While the Wars of the Three Kingdoms pre-figured many of the changes that would shape modern Britain, in the short term they resolved little. The Royalist Rising of 1651 to 1654 took place in Scotland between Scots loyal to King Charles II against English parliamentary forces loyal to Oliver The English Commonwealth did achieve a compromise (though a relatively unstable one) between a monarchy and a republic. The Commonwealth of England was the Republican government which ruled first England (including Wales) and then Ireland and Scotland In practice, Oliver Cromwell exercised political power because of his control over the Parliament's military forces, but his legal position remained unclear, even when he became Lord Protector. Lord Protector is a particular British title for Heads of State with two meanings (and full styles at different periods of history None of the several proposed constitutions ever came into effect. Thus the Commonwealth and the Protectorate established by the victorious Parliamentarians left little behind it in the way of new forms of government. In British history, the Protectorate was the period 1653&ndash1659 during which the Commonwealth of England Scotland and Ireland was governed by a Lord
Two important legacies remain from this period:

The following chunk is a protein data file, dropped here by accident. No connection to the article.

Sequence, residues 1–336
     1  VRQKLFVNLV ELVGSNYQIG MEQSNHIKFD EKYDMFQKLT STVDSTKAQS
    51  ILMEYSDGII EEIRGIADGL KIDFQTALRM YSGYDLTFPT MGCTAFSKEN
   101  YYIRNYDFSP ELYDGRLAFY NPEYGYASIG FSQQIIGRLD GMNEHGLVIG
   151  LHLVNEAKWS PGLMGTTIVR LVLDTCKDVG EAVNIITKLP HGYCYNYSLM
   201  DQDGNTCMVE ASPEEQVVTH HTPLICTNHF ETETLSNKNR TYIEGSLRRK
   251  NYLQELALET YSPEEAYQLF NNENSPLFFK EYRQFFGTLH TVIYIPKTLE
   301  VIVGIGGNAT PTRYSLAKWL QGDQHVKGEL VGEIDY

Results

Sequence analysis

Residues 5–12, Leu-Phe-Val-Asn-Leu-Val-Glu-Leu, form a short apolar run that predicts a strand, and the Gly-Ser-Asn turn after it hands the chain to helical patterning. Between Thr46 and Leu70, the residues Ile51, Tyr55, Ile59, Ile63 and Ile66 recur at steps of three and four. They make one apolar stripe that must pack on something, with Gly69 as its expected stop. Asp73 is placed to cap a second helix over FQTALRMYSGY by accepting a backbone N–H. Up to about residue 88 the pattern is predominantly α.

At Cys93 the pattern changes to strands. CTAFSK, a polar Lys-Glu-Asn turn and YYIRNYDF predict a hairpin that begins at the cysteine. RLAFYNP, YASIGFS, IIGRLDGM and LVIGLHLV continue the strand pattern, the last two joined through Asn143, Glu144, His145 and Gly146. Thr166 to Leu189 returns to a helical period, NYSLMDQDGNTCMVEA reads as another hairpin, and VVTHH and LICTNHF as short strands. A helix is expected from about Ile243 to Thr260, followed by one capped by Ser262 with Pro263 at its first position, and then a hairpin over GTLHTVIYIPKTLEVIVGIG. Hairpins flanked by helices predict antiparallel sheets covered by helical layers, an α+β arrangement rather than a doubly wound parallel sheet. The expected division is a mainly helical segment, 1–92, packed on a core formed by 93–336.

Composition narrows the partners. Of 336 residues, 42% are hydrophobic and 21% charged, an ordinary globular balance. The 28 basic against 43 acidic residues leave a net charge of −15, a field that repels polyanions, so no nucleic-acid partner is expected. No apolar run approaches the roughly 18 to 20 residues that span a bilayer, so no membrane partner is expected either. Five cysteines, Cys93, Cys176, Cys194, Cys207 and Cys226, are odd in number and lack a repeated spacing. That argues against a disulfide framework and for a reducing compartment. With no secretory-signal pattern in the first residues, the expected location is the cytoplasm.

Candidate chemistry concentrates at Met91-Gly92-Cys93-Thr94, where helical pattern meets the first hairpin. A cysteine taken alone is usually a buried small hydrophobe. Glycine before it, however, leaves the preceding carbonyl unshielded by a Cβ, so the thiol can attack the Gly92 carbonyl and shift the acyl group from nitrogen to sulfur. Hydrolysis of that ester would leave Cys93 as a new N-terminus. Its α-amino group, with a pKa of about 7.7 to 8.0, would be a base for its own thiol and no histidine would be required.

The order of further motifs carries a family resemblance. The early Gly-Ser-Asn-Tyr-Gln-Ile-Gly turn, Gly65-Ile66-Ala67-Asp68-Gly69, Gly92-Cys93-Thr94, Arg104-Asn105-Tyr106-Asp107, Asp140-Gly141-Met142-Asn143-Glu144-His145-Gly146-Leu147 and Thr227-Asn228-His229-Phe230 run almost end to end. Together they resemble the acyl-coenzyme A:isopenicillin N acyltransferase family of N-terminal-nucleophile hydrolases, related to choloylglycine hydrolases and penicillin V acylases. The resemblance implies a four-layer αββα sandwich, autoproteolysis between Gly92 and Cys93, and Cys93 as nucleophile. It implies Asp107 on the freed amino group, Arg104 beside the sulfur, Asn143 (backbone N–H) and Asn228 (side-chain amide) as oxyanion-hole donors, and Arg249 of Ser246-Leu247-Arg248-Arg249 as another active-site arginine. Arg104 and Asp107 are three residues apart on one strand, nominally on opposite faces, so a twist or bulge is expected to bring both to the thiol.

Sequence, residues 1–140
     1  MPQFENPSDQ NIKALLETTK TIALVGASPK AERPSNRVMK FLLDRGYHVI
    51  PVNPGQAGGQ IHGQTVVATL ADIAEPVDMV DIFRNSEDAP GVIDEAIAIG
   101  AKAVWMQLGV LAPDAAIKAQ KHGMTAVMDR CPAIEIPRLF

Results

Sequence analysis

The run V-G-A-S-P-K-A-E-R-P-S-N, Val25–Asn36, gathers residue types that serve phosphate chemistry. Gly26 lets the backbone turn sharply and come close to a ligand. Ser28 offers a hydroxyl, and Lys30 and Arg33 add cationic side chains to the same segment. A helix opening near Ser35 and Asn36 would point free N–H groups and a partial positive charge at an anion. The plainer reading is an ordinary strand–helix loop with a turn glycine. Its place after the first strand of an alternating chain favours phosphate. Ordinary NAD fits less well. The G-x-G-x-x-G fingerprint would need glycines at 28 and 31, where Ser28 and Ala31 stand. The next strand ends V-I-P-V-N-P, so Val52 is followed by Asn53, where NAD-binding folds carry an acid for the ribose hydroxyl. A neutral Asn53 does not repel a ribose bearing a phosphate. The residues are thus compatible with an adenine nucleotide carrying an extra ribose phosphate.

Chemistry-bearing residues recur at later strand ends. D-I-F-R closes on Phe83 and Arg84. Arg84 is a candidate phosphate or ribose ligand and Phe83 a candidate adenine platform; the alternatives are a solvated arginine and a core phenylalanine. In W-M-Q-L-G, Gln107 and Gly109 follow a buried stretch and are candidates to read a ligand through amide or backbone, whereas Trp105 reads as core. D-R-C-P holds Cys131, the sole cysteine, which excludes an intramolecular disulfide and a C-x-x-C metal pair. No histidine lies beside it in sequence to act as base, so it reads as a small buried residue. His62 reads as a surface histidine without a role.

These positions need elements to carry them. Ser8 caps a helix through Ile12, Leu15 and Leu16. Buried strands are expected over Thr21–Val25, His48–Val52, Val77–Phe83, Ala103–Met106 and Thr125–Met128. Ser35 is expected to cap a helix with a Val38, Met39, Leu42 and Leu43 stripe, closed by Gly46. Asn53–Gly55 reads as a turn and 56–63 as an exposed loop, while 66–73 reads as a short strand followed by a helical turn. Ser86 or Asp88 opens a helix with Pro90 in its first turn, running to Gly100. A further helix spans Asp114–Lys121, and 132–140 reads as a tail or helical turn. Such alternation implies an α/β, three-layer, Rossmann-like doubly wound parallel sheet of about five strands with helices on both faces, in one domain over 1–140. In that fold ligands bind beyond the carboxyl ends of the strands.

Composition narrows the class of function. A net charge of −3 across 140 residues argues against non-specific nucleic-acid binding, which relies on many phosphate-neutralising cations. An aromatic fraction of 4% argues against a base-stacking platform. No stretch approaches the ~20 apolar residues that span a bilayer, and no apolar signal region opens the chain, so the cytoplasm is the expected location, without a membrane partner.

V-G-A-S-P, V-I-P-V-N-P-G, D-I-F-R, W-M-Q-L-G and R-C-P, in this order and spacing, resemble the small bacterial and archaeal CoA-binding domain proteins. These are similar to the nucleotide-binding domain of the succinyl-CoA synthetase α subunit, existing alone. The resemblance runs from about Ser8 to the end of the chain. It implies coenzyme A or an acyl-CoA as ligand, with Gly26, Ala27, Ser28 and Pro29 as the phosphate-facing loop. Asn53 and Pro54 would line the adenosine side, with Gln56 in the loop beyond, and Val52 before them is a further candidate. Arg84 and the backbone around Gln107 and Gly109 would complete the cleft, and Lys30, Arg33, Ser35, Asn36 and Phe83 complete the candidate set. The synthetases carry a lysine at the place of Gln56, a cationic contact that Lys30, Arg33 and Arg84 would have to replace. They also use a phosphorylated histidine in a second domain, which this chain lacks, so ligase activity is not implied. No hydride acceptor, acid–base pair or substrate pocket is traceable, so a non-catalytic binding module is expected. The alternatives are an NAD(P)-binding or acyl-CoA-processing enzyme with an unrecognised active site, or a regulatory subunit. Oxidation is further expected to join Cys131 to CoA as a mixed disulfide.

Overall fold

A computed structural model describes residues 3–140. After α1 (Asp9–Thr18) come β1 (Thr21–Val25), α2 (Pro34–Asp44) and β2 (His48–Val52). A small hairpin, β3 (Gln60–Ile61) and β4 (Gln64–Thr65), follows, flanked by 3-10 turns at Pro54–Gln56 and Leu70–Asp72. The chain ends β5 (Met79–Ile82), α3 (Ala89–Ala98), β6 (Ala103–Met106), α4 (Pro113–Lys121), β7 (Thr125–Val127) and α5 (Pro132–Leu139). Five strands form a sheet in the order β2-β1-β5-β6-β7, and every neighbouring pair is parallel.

English Protestants experienced religious freedom during the Interregnum, but not English Roman Catholics. The English Interregnum was the period of Parliamentary and Military rule in the land occupied by modern-day England and Wales after the The new authorities abolished the Church of England and the House of Lords. The Church of England is the officially established Christian church in England, the Mother Church of the worldwide Anglican The House of Lords is the second house of the Parliament of the United Kingdom and is also commonly referred to as "the Lords" Cromwell dismissed the Rump Parliament and failed to create an acceptable alternative. The Rump Parliament was the name of the English Parliament after Colonel Pride on December 6 1648 had purged Long Parliament of those Nor did Cromwell and his supporters move in the direction of a popular democracy, as the more radical fringes of the Parliamentarians (such as the Levellers) wanted. See Levellers (disambiguation for alternative meanings. The Levellers were members of a mid 17th century English Political movement